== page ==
Idaho Free Press from Nampa, Idaho on February 19, 1976 · Page 11
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Idaho Free Press from Nampa, Idaho · Page 11

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Nampa, Idaho
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Thursday, February 19, 1976
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Page 11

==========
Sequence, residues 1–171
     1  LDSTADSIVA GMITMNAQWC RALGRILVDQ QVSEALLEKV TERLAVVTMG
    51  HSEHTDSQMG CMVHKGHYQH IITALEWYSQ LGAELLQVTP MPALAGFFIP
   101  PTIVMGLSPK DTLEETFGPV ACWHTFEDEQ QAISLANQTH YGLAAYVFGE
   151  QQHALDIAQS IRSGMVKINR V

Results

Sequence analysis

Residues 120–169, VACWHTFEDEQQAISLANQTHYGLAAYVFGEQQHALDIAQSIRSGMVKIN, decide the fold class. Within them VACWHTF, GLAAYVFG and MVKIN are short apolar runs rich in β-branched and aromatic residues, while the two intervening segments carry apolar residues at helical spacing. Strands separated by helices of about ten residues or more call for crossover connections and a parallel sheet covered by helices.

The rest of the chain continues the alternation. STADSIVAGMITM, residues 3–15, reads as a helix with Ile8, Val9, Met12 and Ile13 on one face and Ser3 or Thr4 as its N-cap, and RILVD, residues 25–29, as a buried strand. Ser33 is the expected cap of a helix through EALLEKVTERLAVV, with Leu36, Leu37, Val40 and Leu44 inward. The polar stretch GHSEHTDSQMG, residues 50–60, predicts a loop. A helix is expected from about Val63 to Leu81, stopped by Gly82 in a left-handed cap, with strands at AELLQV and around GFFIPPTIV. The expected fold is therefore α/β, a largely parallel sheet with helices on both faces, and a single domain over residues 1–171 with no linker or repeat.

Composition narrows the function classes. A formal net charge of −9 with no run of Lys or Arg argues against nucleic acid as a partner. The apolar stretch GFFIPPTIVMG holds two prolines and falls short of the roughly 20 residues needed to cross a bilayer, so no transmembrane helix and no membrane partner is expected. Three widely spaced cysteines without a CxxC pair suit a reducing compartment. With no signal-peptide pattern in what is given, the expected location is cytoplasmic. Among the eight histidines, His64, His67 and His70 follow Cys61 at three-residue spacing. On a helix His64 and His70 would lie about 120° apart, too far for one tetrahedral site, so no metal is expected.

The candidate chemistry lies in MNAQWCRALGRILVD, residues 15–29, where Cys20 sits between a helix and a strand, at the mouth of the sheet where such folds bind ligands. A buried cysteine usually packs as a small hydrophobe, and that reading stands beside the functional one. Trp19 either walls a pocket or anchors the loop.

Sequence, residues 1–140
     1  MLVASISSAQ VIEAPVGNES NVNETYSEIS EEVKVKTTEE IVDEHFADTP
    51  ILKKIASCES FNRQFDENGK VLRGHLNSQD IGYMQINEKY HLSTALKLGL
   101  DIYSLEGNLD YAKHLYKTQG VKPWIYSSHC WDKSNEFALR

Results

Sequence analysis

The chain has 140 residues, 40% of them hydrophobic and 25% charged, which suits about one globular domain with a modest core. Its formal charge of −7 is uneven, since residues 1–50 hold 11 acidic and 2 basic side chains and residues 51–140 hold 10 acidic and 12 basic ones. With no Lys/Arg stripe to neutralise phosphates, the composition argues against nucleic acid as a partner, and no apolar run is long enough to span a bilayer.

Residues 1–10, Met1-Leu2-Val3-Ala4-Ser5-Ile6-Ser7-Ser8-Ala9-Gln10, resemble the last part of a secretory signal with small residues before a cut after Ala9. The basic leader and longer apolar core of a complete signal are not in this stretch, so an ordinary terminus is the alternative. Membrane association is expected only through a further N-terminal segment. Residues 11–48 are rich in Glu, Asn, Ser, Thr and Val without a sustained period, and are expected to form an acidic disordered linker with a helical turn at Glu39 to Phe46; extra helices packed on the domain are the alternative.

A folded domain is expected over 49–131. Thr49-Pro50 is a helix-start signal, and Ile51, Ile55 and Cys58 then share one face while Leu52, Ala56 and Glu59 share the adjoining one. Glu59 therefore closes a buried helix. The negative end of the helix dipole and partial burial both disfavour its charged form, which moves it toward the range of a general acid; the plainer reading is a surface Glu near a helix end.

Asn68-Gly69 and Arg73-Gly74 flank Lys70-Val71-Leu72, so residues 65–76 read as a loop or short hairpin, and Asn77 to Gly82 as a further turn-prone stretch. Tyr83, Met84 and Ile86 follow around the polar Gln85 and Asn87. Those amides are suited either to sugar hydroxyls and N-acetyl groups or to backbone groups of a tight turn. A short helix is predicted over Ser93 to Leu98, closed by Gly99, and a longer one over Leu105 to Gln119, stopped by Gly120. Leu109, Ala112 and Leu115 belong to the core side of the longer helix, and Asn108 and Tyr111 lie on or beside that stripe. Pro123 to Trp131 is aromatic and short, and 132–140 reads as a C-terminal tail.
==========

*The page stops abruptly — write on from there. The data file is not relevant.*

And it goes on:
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J O H N BAI'STIAX. shooting d i v i s i o n secretary of the \ampa Rod a n d ' G u n Club finds there is more than a title to his club position. Here he is on the heavy end of a post hole digger, relocating the support stand for t h e sheep target in preparation for the first silhouette rifle match in south* esl Idaho. The dull-sponsored t r i a l match is scheduled at the club's outdoor range, eight milrs south of .N'ampa. this Sunday. Feb. 22. Firing is to start at 1 p.m.. and t h e public is invited to participate. O'ltoto by .Mike l.uckridgc) Newest shooting game- initial contest is Sunday NAMPA The life-size profile of a desert chicken is 200 meters - that's 219 vards away from where you stand on your wobbly legs, trying to gel the crosshairs of your scope to steady down on that target long enough to get off the shot. The target is cut from heavy metal and you have to not only hit it. but knock it down" to score. A f t e r five shots at the chicken comes a similar siring at the form of a wild pig at 300 incurs 1328 yards i . Then five rounds at a wild turkey shape al 385 meters 1421 yards): and f i n a l l y , five at the profile of a desert sheep at 500 meters (5-17 yards). That's silhouette shooting: the newest addition lo the shooting game and one just getting under way in this country. Nampa- Caldwell area shooters will have their first chance to try it -- weather permitting -- next Sunday. Feb. 22, at Ihe N'ampa Rod and Gun Club's outdoor range on Bennell Road, about eight miles south of town. Silhouette shooting was developed in Mexico and now has become a national sport there, popular with spectators as well as participants because hits ami misses are easily seen witboul benefit of Ihe spotting scopes used for paper targets. Essentially, it is competitive shooting that's more like hunting than format target shooting is. Rifles must be .2-1-1 or larger in caliber and must weigh no more than four kilograms IS. 13 pounds i without sights. That rules out the heavy target arms. All firing is from the standing iget up on your hind legs and shoot like a m a n ! i position. No palm rests, hook b'Htplales. slings or even snooting coats can be used. Actually, those who w a n t to try the new shooting game Sunday can just bring along Ihe rifles they'd take deer or elk hunting and probably be as ivell equipped as anyone. The caliber most popular in silhouette shooting is Ihe .30R. with Ihe venerable .30-06 in second place. One liu from those who have tried i l : The lighter bullets used in the C mms or similar rounds don't seem heavy enough to reliably knock these targets down especially the sheep silhouette which weighs around o5 pounds - and if the target doesn't fall, the shot is ruled a miss. Bui Ihis is no fancy-ecniipment game. Jim Carmichael of Outdoor Life reported that a fairly important tournament was won by a guy who showed up with a .30-30 levcr-aciion Marlin. scoped with a bargain-basement -IX. It just happened thai he could shoot it. The rules allow any sights you want lo use - iron, peep or scope. Bui for an all-slanding match, few will want more than GX. or at the very most 8X, in a scope. The range changes offer on extra challenge to shooting skill. Some may click their sights in going from 200 to 50C meters, hut others .may rely on . "Arkansas elevation," as they'd probably do in actual h u n t i n g . Those acquainted with silhouette shooting make il clear thai nobody shoots possibles. II is said to be the most frustrating rifle competition ever devised, as only one contestant in the world has ever made 10 straight hits on any one of Ihe chicken, pig, turkey or sheep targels. Silhouelle shooters say anyone who knocks down five out of (he 20 targets is very much in the competition in most tournaments. Club President Ron Ostrom says firing will gel started about l p.m. Sunday. Club members will shoot free, but non-niembers will pay a range fee. Shooting will continue as long as necessary for everyone lo try his or her hunting-type shooting skilll on the new targets. Too much wind and rain would take (lie fun out of the event and Mike Lockridgc, in charge of planning, said if the weather fails lo cooperate, the shool will be postponed and reannounced at a later date. The Nampa club's range can be reached by driving south of Nampa on Highway -15 lo Bennett Koad, one mile past Missouri Avenue: then east a mils. Lockridge said signs will m a r k the w a v . During convention speech The Idaho Fi eel'ress 6 Tlie News-Tribune. Thursday, February 19.1976 ~ 11 / WF president solicits public action (Editor's note: The following arc excerpts taken from a speech given by Richard A. Schwarz, president of the Idaho Wildlife Federation, at the group's annual convention, held last weekend at the North Shore Convention Center in Occur d'Alene.) Frequently 1 hear a statement on the radio that says, "We want to wipe out this disease in your lifetime." The disease referred to is cancer and the message is sponsored by Itie American Cancer Society, requesting c o n t r i b u t i o n s to s u p p o r t research. But it occurs to me that this statement could be used as a rallying call by another group -- those who are dedicated to wiping out what to them is a cancerous disease: hunting. We know the names of some of (he people and organizations in this movement; they are well funded, and they can be very e f f e c t i v e in achieving their goal. We call them the "anti-hunters" when we are kind or in polite society. But I think it may come as somewhat of a surprise to some of you that there is still another group, separate and distinct from the anti-hunters, which is becoming just as effective in helping to wipe out t h i s "disease" of hunting, despite its good inlenlions. And this group is comprised of dedicated hunters. Nol all hunters are members of this group, but all members are hunters. So now. most of you sit back and say - "What the hell is he talking about?" Well, it's simple -- at least to my way of thinking. If the anti-hunters don't kill hunting, the hunters will. At least they will have a major role, UNLESS (hey can change their attitude. The man who wonders how energy conservation relates to our concern a b o u t w i l d l i f e doesn't understand that lire actions taken lo satisfy our seemingly ever-increasing demands for energy mean that somewhere the n a t u r a l environment will be disturbed, be it by opening a new strip mine for coal: damming a river: or developing an oil shale site. And a l t e r i n g t h e n a t u r a l e n - vironment means .that wildlife h a b i t a t disappears, or new roads are buill in previously roadlessareas, or both, or more. And the man who says there is too much snuw for these n a t u r a l areas lo be of benefit to wildlife has forgotten about such things as grouse strutting rounds, elk calving areas, or isolation from h u m a n i n t e r f e r e n c e , plain summer habitat -- if he even ever knew about them. And in between these examples, and also on the further extremes, there arc many people who mean well, whose hearts are in the right place, but who don't really understand all they should. And the key word is "understand". And the route to understanding is education. The problem is lo make people ware of the need for proper f o r m u l a t i o n of the policies, procedures, decisions and plans 'or utilization of all natural resources which, in Idaho, arc owned largely by the public. Theprobletn is to make people aware that there is an interrelation within the actual m e t h o d s of m a n a g i n g and utilizing timber, range, mineral 2,040-mile Appalachian Trail -nature's lonely path to discovery STORRS.Conn. ( U P I ) - Warren Doyle, who has hiked the 2,040-mile Appalachian Trail twice, says it's a palh to self- discovery. Doyle,25. says the journey beginswith one step, but there's loo much talk of "I can't do il." An advocate of Ihe growing sport of backpacking, Doyle has set two records on the continuous footpath through H' states. Now he is writing his University of Connecticut doctoral thesis on il. In 197:i Doyle hiked the trail alone in 66 and a half days, a record. Last summer he led 18 students from Georgia's Springer Mountain lo Maine's Ml. Katahdin. Before that, the largest known group to make the entire trip was two persons. The student from Shellon calls the hike "a slress experience," but he is not referring to the twisted ankles, sore muscles, exposure to inclement weather, or the diet of freeze- dried food and protein pills. He is talking about self-confrontation and self-discovery. "There's a theory that most people have high self concepls thai crumble in situations of crisis or adversity. Many of us never have a chance to find out who we really are," he said. Doyle thinks beingalone with nature forces a person lo find out. "In 19731 was alone for 66 days. I losl my physical fat and my emotional fa I as well, i saw myself as 1 really was," he said. "I was lonely, but it's good for people lo have a period all to themselves. Thai's when the insight comes," he said. Doyle said for every eight people who starl Ihe trail only one person (inishrs it. and he doesn't think it's because of blisters or running out of money. "A lot of people quit the trail because Ihey can't live with themselves. We're not accustomed to living with ourselves," he sairi. "1 think in everyday life you perform for other people, you put on different faces for different people, and you behave in certain ways lo gain acceptance," he said. "In nalure there are noairs to put or, no one to impress, no tine lo fight, and no one to support except yourself," he said. Long-distance hiking, like other sports, requires stamina, self-discipline, quick decision-making and physical endurance. But (here are no langible rewards such as money or Irophies. "II takes a lot of character strength, adaptability, tolerance, patience and unselfishness. The trail will bring out those qualities in you or you'll find certain weaknesses in yourself," Doyle said. "A lot of times I come back from nature and sec many more things in society thai are trivial," he said. "Before, I had cerlain convictions, certain standards and moral values, but Ihey were never so strong or confirmed until after my first experience in nature. It's given mo a clear perspective." "My mission is lo provide opportunities for people to experience Ihe same thing," Recreational survey slated for 50 states PORTLAND, Ore. - A national wildlife recreational survey to determine how many people parlicipate in outdoor activities related to wildlife began in January. Ihe Department of Interior U.S. Fish and Wildlife Service announced recently. The survey, Ihe f i f t h in a scries that began in 1955. will collect telephone i n t e r v i e w s from more lhan KM.OOO households in all 50 stales. The interviews will be conducted hy a professional opinion research company and will be gathered in communities tarying in size from the largest urban centers lo Ihe smallest rural areas. Those interviewed will be asked lo speak for their household in answer lo such questions as whether any household members have hunted or fished in recent vcars; have engaged in recreational (target) shooting; or have been active in wildlife photography. Jusl as pasl surveys have, Ihe prescni survey will obtain a broad range of information that will be exlremcly valuable to the U.S. fish and Wildlife Service and lo slate fish and game directors in managing wildlife resources. and water resources which does, in fact, have a direct effect upon the w e l l - b e i n g of f i s h and wildlife resources. The problem is to make people aware of just who is, or perhaps is n o t . m a n a g i n g t h e resources on puhlk- Kinds. And the problem is lo make, people aware that thay themselves have liie obligation lo contact these resource managers and demand m a n a g e m e n t policies which provide proper balances among the uses of all these resources, together with a consideration for the unique value of one resource over Ihe others in those cases where Ihis situation exists. 1 began by contending that hunters also could contribute to Ihe demise of hunting. Thai this could happen is due in a large measure to their lack of interest in, or understanding of, the "big p i c t u r e " of resource management. There must be a successful efforl to educate these people so they will have an understanding of the need for them to look behind Ihe scenes, to look oilier than those places where they "scored well on game," if you will, to determine the true nature of the real and ever-growing t h r e a l lo (he future of our fish and wildlife resources. At Ihis point I must congratulate the Nampa Hod and Gun Club for ils efforts lo solve a par! of this problem through its well-publicized panel discussion m game last fall. But this is just a beginning. Ami so I challenge each of you, individually, and as clubs, to bring inlo Ihe Federation new members and new clubs; to go lo the sporlsmen in your area who do not helong to organized gioups and gel them interested m participating in your activities and joining your group; lo get those organized groups who do not currently belong lo consider joining us. One way you can do this is lo offer programs with qualified participants to d e f i n e and discuss various issues. Adequale publicity is not hard lo get; adequate public participation is, however. So i t ' s up to each individual lo du his best lo make this educational efforl succeed. 1 also challenge each of you lo gel involved in the process by which the plans for the management of the natural resources on public land are formulated. Obtain, review, and provide c o m m e n t on Ihe proposed l a n d use plan or management framework plan for an area near you -- one with which you arc f a m i l i a r . Public i n p u t , if it is provided at an early stage, can be effective in shaping f i n a l - m u l l i p l e - u s e decisions. Uul again, il takes a bit of efforl lo provide this input. In the long run il is e f f o r t well spent if you can save some area of suitable h a b i t a t frnm being needlessly converted lo another use. II seems to tin- t h a i the average sportsman spends too m u c h t i m e bickering a b o u t those things over which he has litlle. if any, control and which have a minimal effect upon the wildlife he cares about. On Ihe older hand he spends lillliv if any, l i m e p a r t i c i p a t i n g i n mailers w h i c h he can help control or shape -- m a i l e r s which are the very substance of Ihe fulurc of this wildlife. There's more to protecting wildlife lhan limiting the length of the h u n t i n g seasons or complaining about them. The future well-being of our wildlife resources is c o m p l e t e l y dependent upon (he way in w h i c h I h e o t h e r n a t u r a l resources on public and p r i v a t e land are managed. He can in- f l u e n c e these m a n a g e m e n t plans - if he tries. And those sportsmen who are concerned ubmil the f u t u r e well-being of this wildlife need Ihe support of non-sporlsmcn also. There are many people who do not hunt or fish who nonetheless enjoy the outdoors living in Idaho. I'm sure each of you knows people in this category. Won't you do something lo gel (hem involved also'.' Joe (Irecnlcy. director of (he Idaho Fish and Game Department, has often said thai since he has been here, there hasn't bi't'ii one had uiece of fish and game legislation passed. Thai's probably true. Bui, wild due respect to ,lne, I would comment (hat there has been damn little gond legislation passed either. And there lias been a lol of hard work to keep oul the bad and gel in Ihe good. I'm not talking only alxml such had bills as Ihose which would set Ihe opening dale and length of hunting seasons, or the good ones such as Ihe license increase. We sol. but had lo fight to keep. ,i bill protecting stream channels. And we also got a m e m o r i a l against more wilderness. Hut whal about bills w h i c h would provide for minimum stream flow, provide lor regulation of power plant siting, provide for land use planning, provide for energy conservation by such means as requiring recycle of cans and buttles. These, and others, should also he considered "fish and game" legislali'Mi because Ihey deal with the protection of uur en- v i r o n m e n t , or the use of our resources, or both. In Ihe long run, (tie q u a l i t y of our environment and the way w e m a n a g e o u r resources w i l l determine the f u l u r e existence of our wildlife. And what is Ihe public attitude on these issues? Surveys by Ihe Id.ihn Tomorrow C o m m i t t e e and Ihe Stale Water Resources Hoard indicate thai a majority of Idahoans are in favor of Ihe protection from resource exploitation which some measures iviiulri provide. Whal is Ihe record of our legislature on such matters? Most languish "in c o m m i t t e e " because a lew legislators, nol nlluned lo public desires, d o n ' t w a n l such measures passed for no obvious reasons. And ti big contributor lo Ihis impasse is Hie apalhy of the public itself. It's easy to answer questions for a survey. But it tiikes effort to write letlers. Thus, little individual pressure is placed upon our legislators to meet Ihe will of Ihe people. Consequently, they do nol know they arc non-responsive, nor do some of them seem lo care if they are. Once again, it rests with the people lo force changes in Ihe way things are done. But the people have lo care enough also rcsurcos because il takes some efforl 1 ask each of you lo reflect carefully and honestly on jusl w h a l you, as an individual, did last year lo enhance Ihe future of our wildlife resources. Did you do all you could? Did you even try to do anything? And whal are you going lo do this coming year' Jusl gripe to your f r i e n d s , or lake some positive action'.' One thing you musl realize, however, is thai there is really no " n o r t h e r n I d a h o " or "southeastern Idaho" or (lie "Boise area". As regards conseivalion and wildlife, there is only one Idaho, and we all belong lo it -- and it belongs lo all of us. A sporlsman-supported program lo provide f e d e r a l funds for controlled burning on elk w i n t e r range on Ihe Lochsa or C l e a r w a l e r is just as beneficial to the people of the Upper Snake River Valley as it is lo Ihose in Ihe Panhandle. And, conversely, so is the protection of natural range near St. Anthony against conversion lo inlensivc agriculture. No mailer where in the slate we win a victory for conservation, such a victory benefits all Idahoans. Simply put. if 1 lose my hunting spot I'm going lo find yours, and soon they will both be gone. So we should nol worry about where we live in Idaho, but whal we want Idaho lo be, and then strive together to achieve this goal. 1 would hope lo see t h a t change in your attitude in the future. Idaho is a beautiful state. And this is especially apparent lo one who has seen most of Ihe other -19. I am concerned about Idaho's future, and because of that concern, I have tried in the present lo do what little 1 could to help shape that future. Use of renewable wood for all applicable purpcses would substantial!} . : _ _ _ l.. ft effort to understand Ihe nalure "tend Ihe n a t i o n s supply of problems: effort lo conceive such deplelable resources a| possible solutions; and efforl to baux "?' lron ore ' P ctroleum an ? obtain change or improvement. n a l u r a j R as - | And in the long run. Ihe people _,. .. . . _ . . * may have lo force a change al . The National Commission oj Ihe ballot box. if necessary. Look al v o t i n g records on , . . conservation issues. Some are * clnclt y '° produce one Ion good. Bui in most cases il is easier to discern what an individual legislator is agains rather t h a n for. Materials Policy has found lakes 17.000 kilowall hours aluminum. 2.700 kwn for a ton steel, but only -130 kwh for a 1 of lumber. More of Ihe world s people lo make warmed by wood than "by;- OVER 600 PAIR ON SALE Men's Women's Children-s SOME WORK SHOES SEVERAL STYLES MEN'S BOOTS NOCONft Reg, $66.50 50 TONY LAMA Reg. $64.95 45° ACME Reg. 531.50 21" HONDO Reg. $54.95 38" BOY'S BOOTS TEXAS AND ACME Keg. $17.95 1 2°° R»g. $79.95 1 3°° LADIES BOOTS TEXAS, ACME AND NOCONA Reg, $32.95 NOW 22 NOLAYAWAYSONTHISSALE GEORGE'S SHOE SHOP Across from the Desert Inn Motel OPEN WEEKDAYS 8 A.M. TO 6 P.M. J 021 Arthur St. -- Caldwell